Explore Program Details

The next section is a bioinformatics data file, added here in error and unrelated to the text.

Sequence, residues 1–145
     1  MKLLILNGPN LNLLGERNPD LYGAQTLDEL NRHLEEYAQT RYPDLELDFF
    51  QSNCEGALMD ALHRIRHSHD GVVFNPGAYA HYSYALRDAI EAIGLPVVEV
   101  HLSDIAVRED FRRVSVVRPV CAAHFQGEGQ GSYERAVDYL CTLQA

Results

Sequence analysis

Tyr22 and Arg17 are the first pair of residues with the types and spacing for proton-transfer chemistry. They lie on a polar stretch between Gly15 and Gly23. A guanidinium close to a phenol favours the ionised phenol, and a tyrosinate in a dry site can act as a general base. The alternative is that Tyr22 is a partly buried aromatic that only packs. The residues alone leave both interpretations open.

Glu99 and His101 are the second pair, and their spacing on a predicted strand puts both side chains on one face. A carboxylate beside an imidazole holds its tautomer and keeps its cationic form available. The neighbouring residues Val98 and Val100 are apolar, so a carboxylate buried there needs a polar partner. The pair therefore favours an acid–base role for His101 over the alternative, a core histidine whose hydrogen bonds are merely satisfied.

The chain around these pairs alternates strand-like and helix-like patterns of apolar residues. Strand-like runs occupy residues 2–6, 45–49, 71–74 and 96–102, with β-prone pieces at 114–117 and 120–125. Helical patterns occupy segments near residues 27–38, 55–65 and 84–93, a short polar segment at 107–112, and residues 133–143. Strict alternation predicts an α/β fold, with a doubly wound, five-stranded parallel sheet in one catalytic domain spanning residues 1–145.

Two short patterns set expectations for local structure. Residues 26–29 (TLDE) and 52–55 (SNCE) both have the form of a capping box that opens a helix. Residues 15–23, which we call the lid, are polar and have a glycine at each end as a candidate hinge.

As a student in our program, you will develop a deeper understanding of canonical and innovative approaches to literature in English, including both such nationally-defined traditions as British and American literatures, and traditions organized around other principles, such as Postcolonial or African American literatures. Organized to reflect the changing profession of literary study--its history, its methodologies, and its production of new knowledge--the program includes the study of literature in cultural and historical contexts, the study of representations of identity, comparative approaches to literature, theoretical perspectives, gender studies, and cultural studies. The program offers you both broad-based and specialized courses on a variety of literary topics, and students may supplement their course of literary study with graduate offerings in related subjects and departments, including courses in composition, creative writing, languages and linguistics, history, and sociology, among others.